Car insurance rates jump an average 5.7 percent for drivers who let their policies lapse, according to an analysis of Insurance.com data.
An examination of 184,000 car insurance policies sold through Insurance.com shows that drivers insuring one car paid an average 8.8 percent more in annual premiums than drivers who maintained continuous coverage.
The penalty was even greater when insuring multiple cars. Policies covering at least two cars cost 12 percent more for drivers with a coverage lapse than policies sold to drivers without a lapse.
No lapse in policy
Lapse in most recent policy
Increase in rate
Two or more cars
About half of all drivers who reported lapsed policies had been without insurance for 30 days or less, according to Insurance.com data.
Robert Passmore, spokesperson for the Property Casualty Insurers Association of America, says there's "no question that letting your insurance lapse is going to affect premiums in most any case."
Why car insurance rates rise
Lapsed coverage is the result of insurance payments that are received late or not received at all. Failing to maintain liability insurance for a registered vehicle is illegal in all states except New Hampshire.
Loretta Worters, a spokesperson for the Insurance Information Institute, says, "Someone who has not made a payment on their insurance will be viewed by an insurer as risky and insurers will often charge them higher rates." Their paying higher rates because their now paying for high-risk car insurance.
Passmore says drivers who let their policies lapse are also statistically more likely to be involved in car accidents.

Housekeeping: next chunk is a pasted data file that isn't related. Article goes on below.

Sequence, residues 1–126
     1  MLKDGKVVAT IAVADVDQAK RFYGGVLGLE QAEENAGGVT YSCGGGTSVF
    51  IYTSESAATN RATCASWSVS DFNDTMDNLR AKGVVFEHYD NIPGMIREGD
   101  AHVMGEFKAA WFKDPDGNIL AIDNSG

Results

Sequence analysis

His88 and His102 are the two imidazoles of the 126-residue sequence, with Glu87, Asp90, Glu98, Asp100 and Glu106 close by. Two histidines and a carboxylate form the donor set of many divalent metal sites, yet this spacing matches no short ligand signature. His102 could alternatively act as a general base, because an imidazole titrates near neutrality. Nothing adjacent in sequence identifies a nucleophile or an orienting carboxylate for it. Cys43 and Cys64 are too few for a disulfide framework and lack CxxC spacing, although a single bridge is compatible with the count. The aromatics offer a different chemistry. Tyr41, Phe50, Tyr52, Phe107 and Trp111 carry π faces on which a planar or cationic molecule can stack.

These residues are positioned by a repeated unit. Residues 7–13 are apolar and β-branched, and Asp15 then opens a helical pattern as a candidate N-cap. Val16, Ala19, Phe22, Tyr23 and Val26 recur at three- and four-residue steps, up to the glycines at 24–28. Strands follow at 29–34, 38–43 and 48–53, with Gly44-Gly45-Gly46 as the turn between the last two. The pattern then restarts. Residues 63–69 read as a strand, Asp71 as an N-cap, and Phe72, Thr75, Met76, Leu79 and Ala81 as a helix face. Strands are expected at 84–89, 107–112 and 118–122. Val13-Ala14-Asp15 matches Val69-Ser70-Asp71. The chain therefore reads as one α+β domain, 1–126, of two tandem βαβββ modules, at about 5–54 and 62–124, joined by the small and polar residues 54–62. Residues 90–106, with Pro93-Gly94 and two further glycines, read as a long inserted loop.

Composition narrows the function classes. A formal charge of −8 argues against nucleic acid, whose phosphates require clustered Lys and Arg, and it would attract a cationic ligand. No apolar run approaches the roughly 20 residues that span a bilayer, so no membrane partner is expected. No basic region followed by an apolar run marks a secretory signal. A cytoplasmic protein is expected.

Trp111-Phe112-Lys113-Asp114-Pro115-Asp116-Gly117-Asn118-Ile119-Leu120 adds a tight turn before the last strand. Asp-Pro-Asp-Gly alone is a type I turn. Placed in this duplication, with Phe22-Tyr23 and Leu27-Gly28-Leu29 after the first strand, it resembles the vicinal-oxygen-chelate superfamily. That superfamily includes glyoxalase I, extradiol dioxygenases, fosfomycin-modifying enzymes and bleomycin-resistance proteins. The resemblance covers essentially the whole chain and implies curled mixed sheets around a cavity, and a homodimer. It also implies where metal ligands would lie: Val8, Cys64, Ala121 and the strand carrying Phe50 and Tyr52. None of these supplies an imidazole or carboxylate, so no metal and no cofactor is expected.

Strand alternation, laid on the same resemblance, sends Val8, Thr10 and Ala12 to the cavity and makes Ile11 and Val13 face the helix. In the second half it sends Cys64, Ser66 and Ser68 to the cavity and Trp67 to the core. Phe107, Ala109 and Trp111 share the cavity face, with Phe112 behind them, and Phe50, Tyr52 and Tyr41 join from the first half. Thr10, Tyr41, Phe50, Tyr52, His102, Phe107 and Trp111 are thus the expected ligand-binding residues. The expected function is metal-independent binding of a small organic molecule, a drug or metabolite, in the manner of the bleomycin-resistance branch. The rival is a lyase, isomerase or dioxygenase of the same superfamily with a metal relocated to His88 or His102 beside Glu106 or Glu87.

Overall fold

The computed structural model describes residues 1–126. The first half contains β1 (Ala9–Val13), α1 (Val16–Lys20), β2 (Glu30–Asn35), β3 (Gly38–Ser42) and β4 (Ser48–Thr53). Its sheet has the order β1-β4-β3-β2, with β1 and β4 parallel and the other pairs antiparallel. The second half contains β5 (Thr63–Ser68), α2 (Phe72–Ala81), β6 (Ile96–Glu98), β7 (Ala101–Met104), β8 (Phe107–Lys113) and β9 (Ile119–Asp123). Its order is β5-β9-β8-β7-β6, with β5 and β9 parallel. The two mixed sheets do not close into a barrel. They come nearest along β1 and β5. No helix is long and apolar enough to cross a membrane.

Each insurance company has its own formula for determining how high rates go after a policy lapse and how long the penalty will remain in place, Passmore says.
Drivers who experience a coverage lapse are not doomed to high rates forever, as long as they keep their coverage continuous and maintain a good driving record, Worters says.
"The financial consequences of a lapse in car insurance coverage do come down over time," Worters says.
Avoiding car insurance lapses
People who lose their jobs or are struggling financially may find it difficult to make payments, making them prime candidates for a lapse, Worters says. In other cases, a missed payment is unintentional. (See "When you forget to pay the car insurance bill.")
"It could be they just simply forgot to make a payment or perhaps there was a problem with their checking account," she says.
By law, insurers in most states must cancel coverage for nonpayment. Policyholders have a set number of days – which varies by state and insurer – to reinstate coverage before it is terminated.
The best way to steer clear of higher rates is to prevent a lapse before it occurs. Tips for avoiding a lapse in coverage include:
- Always pay your insurance bill on time. To avoid an accidental lapse, drivers should "submit their car insurance payments as soon as possible," Worters says.
- Be careful when switching insurance providers. "Buy the new policy and make sure that it's in force before you cancel the existing one," Worters says. Learn from us how to switch car insurance companies to avoid issues.
You are not covered during a lapse
Car insurance policies are legal contracts, says Insurance.com Managing Editor Des Toups.
"There are no grace periods," Toups says. "If the policy says your insurance expires at 11:59 p.m., then a wreck at midnight isn't covered."
Some insurers might allow you to pay the past-due premiums and cover the claim, but that's uncommon and unlikely.
While your current insurance company is likely to reinstate an otherwise good customer's policy after a short lapse, it will check for outstanding claims first, Toups says.